Swimming Pool - dir. François Ozon - 2003 - France/UK
In preparation for Ozon’s latest, Le Temps qui reste, I revisited Swimming Pool and recalled what my friend Brad said about the film: “it’s too clever for it’s own good.” This is certainly the case and even more so when watching the film for a second time, knowing the “surprise twist” that baffled viewers that stumbled upon Swimming Pool expecting a saucy French thriller. In knowing the twist (which I will not give away), one can see the clues Ozon laid out throughout the rest of the film, rather meticulously. Ozon’s craft is not in question here; never did I think previously that the twist was a cop-out ending. However, in looking back, it is certainly possible for someone to be too clever, a surprising thing when you realize how shockingly unclever most Hollywood films are these days. Somehow, Swimming Pool never rises above its cleverness, and, on the surface, its tarty-French-vixen-inspires-the-sexual-awakening-of-a-crusty-old-Brit storyline fails to entice.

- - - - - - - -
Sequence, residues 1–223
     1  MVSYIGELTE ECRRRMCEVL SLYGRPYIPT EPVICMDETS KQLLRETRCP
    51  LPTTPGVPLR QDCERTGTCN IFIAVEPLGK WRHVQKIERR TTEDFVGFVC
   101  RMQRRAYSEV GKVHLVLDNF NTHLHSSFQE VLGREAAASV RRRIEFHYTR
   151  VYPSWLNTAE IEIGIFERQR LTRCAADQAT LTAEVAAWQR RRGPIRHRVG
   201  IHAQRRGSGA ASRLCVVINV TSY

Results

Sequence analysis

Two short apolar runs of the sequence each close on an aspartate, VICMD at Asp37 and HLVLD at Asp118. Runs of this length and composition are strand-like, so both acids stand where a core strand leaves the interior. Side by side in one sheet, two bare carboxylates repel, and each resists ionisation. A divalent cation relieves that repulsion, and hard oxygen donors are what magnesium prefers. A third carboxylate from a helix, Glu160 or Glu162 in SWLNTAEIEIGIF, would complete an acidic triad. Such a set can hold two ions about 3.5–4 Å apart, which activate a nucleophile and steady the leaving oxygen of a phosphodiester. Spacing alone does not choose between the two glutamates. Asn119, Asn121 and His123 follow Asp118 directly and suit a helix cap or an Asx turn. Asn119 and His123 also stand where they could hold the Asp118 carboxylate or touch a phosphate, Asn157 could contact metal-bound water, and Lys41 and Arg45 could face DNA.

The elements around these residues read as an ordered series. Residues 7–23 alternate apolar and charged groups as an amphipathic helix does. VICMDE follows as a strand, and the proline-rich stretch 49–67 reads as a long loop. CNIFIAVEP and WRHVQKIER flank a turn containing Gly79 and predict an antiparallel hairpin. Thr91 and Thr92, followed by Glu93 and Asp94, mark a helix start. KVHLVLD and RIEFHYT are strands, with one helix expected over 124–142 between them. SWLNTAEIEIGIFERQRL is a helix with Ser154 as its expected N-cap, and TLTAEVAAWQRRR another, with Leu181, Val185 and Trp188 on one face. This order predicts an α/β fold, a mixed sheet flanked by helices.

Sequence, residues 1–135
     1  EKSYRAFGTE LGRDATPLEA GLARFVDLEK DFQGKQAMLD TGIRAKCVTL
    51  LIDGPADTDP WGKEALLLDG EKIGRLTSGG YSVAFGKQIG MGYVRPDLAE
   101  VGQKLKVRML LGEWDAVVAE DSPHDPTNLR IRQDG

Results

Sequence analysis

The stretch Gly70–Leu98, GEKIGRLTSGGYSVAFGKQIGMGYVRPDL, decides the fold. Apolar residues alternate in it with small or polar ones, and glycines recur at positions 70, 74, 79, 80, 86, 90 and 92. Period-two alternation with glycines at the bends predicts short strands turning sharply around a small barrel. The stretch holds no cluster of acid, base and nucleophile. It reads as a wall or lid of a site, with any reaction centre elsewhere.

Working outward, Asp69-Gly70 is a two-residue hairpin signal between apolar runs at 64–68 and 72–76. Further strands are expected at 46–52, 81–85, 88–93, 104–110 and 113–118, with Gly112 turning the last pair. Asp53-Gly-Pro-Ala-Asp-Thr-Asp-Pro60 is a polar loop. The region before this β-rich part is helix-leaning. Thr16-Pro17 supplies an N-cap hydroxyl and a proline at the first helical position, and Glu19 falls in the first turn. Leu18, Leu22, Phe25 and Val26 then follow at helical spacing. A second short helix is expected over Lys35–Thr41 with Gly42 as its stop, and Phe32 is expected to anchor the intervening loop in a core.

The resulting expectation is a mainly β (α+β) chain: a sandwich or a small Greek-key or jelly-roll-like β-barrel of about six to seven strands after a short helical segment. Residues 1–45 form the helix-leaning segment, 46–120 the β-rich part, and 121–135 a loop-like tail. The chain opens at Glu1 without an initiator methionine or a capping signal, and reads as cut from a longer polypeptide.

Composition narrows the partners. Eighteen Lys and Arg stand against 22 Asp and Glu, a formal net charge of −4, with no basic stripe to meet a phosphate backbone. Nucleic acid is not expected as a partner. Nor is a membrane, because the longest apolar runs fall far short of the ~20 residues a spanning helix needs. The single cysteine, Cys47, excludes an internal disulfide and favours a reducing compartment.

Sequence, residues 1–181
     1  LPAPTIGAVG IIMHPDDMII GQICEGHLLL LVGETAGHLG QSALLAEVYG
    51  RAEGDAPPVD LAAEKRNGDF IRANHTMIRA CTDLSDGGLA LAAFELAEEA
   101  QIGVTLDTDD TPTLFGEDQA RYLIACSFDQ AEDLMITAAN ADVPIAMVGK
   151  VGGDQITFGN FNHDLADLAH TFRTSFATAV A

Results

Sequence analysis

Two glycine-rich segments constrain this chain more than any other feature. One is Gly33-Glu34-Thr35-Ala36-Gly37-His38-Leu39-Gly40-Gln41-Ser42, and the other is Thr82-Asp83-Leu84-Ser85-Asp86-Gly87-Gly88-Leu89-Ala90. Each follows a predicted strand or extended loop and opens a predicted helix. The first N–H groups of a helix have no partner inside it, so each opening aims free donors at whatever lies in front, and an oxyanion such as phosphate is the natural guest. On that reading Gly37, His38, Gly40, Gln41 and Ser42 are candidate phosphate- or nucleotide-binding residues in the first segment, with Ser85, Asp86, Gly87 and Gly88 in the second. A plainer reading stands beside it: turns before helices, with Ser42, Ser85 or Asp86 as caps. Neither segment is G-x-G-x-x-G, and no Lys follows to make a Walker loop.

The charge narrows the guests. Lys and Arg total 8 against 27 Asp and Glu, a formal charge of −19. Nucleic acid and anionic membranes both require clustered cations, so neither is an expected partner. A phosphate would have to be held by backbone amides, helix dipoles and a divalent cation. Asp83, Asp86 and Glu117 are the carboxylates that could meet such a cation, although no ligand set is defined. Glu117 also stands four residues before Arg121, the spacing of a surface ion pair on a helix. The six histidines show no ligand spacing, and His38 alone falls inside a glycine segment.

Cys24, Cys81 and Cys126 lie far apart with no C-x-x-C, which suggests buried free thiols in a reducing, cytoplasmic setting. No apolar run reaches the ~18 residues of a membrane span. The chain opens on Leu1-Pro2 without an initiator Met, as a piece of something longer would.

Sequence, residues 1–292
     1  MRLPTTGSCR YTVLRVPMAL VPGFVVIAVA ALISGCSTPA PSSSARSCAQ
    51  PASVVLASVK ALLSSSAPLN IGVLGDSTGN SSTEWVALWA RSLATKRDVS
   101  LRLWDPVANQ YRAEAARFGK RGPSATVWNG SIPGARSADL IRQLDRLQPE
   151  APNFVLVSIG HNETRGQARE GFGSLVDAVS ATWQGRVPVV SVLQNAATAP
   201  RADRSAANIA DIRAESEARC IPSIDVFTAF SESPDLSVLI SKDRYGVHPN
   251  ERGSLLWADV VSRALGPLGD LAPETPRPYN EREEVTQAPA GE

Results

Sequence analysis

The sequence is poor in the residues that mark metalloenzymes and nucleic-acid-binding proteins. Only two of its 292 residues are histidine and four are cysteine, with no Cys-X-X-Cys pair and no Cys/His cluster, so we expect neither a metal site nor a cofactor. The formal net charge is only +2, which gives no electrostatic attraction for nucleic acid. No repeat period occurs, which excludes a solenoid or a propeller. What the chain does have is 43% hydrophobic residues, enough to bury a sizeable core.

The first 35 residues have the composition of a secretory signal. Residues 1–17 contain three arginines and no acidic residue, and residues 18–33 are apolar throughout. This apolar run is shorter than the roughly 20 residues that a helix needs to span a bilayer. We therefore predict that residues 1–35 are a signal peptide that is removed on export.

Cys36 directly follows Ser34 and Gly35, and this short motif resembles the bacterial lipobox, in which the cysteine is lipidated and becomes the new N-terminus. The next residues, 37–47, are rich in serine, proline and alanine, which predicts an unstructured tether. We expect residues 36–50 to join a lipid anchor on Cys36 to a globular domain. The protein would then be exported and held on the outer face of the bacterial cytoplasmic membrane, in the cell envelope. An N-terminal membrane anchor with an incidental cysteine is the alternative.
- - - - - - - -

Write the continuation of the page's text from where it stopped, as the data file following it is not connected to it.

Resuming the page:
On the other hand, Swimming Pool is rather refreshing solely for Charlotte Rampling. In her second film with Ozon (the previous being the sublime Sous le sable), she seems to have found a welcome place in French cinema, one of the few countries where established, over-forty actresses can flourish (see Isabelle Huppert and Catherine Deneuve). Unlike Sous le sable, Ozon strips away her beauty, turning her into just the school marm, sexually-repressed English bitch you’d have imagined the character to be, making us forget that in her 50s, Rampling is still really sexy. But this is to her credit, naturally, as it elevates her above simply being the hot older woman you remember from The Night Porter. Also to his credit, Ozon immerses Swimming Pool with a steaming sexuality, with Ludivine Sagnier (whom he’d worked with twice before) as the voyeuristic object of desire. Swimming Pool may be admittedly clever to the point of distraction and noticeably without the certain moxie that so characterized his earlier films, but as a well-conceived diversion, it works.